PET scans have only been used as a diagnostic tool in Hodgkin’s for the last 2 years or so.  Therefore, there is NO data on the relative usefulness of the negative PET in determining whether or not someone needs radiation.  Based on her experience, but not on hard data, Shana estimated that there is only a 5% risk that there are still any malignant cells in the mass still remaining in Phenon’s lung.  Shana said she would be comfortable with a decision to not do radiation.  She feels like a 95% chance of a cure is a good gamble, if we choose to take it.

However, here’s the rub.  If we followed Phenon’s idea (wait 6 months, do another PET), if there was any PET activity, radiation would not be enough to kill the cancer.  It would be a new, more resistant form of Hodgkins.  The treatment for that is a higher dose and longer course of chemo, higher dose radiation, PLUS stem cell transplant.  All of these would have significantly greater side effects than the low dose radiation she could get right now (remembering that all of the awful side effects are well-established for the high-dose radiation).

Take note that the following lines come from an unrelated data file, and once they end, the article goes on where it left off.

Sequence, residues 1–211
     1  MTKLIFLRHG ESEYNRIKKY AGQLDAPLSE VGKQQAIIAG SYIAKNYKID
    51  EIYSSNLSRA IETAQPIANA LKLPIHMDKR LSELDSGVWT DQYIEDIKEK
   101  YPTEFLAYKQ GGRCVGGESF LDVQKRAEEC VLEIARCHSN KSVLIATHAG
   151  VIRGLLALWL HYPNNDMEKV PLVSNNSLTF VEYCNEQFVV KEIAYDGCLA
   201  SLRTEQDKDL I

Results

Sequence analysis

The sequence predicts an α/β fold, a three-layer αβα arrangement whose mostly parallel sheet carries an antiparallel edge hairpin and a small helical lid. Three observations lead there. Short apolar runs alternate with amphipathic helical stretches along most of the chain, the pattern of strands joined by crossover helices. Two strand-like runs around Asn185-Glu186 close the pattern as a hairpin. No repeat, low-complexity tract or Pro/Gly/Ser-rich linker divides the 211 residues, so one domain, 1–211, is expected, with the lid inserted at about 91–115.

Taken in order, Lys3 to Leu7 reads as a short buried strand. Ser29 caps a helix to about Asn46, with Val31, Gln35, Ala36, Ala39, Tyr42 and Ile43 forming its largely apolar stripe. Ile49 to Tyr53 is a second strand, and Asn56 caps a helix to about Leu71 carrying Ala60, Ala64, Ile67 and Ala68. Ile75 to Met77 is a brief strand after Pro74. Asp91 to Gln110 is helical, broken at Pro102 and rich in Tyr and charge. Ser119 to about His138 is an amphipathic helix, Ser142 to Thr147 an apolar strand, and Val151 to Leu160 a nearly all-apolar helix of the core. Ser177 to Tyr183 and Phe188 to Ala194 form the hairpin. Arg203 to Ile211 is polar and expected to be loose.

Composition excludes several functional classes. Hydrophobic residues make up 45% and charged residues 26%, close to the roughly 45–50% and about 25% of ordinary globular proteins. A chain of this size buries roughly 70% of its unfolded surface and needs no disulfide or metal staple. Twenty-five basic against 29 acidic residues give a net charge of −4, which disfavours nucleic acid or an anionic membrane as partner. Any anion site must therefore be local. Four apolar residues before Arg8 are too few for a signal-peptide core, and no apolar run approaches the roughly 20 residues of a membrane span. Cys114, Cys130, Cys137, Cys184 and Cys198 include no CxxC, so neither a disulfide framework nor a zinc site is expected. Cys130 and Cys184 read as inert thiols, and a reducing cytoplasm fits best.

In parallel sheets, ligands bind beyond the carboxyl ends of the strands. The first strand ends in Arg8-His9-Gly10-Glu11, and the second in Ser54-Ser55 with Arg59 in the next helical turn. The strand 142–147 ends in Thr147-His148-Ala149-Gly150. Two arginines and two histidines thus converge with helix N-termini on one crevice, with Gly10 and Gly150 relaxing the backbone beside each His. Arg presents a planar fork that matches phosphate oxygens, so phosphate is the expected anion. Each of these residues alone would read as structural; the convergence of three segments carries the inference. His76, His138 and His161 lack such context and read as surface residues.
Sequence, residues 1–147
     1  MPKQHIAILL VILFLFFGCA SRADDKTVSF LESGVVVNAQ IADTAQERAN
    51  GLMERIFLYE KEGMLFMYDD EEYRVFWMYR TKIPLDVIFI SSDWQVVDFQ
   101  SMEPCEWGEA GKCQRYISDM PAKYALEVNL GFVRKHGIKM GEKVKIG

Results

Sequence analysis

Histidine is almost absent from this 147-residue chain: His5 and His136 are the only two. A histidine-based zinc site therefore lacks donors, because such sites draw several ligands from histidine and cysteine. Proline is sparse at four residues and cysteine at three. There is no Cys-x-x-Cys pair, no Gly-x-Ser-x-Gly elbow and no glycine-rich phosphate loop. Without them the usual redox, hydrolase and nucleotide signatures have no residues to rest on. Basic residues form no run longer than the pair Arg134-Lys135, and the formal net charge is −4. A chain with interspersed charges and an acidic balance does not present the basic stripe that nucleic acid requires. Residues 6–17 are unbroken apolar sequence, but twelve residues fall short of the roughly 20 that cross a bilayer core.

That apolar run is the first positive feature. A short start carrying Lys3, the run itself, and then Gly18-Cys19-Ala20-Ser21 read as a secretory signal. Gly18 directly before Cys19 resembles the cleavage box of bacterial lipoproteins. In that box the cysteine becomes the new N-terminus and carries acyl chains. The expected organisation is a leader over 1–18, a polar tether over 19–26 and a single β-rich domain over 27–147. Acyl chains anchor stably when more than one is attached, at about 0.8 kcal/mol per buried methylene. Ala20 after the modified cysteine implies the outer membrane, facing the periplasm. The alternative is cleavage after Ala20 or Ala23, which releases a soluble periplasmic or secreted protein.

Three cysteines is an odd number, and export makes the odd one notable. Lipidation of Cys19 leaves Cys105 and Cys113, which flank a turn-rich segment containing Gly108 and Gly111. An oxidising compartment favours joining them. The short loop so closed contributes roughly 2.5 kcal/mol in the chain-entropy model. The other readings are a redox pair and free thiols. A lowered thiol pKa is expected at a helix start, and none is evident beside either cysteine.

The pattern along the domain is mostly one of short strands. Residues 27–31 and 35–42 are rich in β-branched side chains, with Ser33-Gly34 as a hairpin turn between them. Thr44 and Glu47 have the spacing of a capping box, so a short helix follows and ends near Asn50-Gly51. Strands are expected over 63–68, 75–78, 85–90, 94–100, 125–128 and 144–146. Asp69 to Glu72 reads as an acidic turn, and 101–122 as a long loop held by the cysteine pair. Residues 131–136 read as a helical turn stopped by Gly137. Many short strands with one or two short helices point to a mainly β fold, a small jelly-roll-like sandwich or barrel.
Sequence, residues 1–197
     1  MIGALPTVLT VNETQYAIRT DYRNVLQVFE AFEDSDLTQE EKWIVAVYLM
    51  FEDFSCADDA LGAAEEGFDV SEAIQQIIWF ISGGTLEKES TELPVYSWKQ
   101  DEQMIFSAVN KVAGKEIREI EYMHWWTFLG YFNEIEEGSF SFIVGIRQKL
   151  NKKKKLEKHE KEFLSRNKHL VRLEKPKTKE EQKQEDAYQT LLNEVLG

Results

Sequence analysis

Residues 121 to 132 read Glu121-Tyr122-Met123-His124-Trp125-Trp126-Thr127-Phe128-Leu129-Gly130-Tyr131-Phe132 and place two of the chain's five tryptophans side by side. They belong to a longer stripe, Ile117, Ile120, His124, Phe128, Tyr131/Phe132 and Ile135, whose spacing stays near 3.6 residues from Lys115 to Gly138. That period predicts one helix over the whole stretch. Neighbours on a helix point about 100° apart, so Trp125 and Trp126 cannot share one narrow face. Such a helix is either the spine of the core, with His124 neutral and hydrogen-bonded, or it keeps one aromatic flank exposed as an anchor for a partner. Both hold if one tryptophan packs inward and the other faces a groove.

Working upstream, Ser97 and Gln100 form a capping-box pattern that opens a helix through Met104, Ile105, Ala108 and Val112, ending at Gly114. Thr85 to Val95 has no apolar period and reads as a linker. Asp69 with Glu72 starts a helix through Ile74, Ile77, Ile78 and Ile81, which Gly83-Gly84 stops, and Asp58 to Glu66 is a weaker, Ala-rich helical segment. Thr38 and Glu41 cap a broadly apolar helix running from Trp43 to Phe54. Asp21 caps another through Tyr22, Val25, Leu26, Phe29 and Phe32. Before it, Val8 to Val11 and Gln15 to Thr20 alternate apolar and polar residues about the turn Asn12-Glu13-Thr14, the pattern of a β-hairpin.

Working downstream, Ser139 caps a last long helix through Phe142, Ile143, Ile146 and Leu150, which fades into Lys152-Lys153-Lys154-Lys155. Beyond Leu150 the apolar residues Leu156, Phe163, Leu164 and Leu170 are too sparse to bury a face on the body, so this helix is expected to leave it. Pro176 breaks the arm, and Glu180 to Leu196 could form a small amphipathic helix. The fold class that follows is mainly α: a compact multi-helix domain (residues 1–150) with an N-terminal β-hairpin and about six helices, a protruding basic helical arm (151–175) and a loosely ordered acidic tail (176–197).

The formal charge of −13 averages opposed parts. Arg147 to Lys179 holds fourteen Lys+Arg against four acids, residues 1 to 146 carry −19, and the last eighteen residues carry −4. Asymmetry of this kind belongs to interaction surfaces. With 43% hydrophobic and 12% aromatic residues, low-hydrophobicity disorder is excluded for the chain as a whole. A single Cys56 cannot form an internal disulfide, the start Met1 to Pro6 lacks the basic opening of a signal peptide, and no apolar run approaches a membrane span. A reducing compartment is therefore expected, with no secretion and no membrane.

Kids who are given the FULL range of treatment indicated by their status as Early Responders or Late Responders have a 13% chance of having the lymphoma come back.  If you add the 5% chance that there are still some malignant cells in Phenon’s mass, that’s about an 18% chance that she would need that longer, more intense, higher side-effect treatment.  (Don’t worry, I know that math is a little bit suspect, but since it’s all based on guesses, not science, I decided to not get too hung up on the adding apples to oranges aspect of that.)  Thus, giving Phenon radiation now could reduce her risk from a 1 in 5 chance of recurrence to a 1 in 7 chance.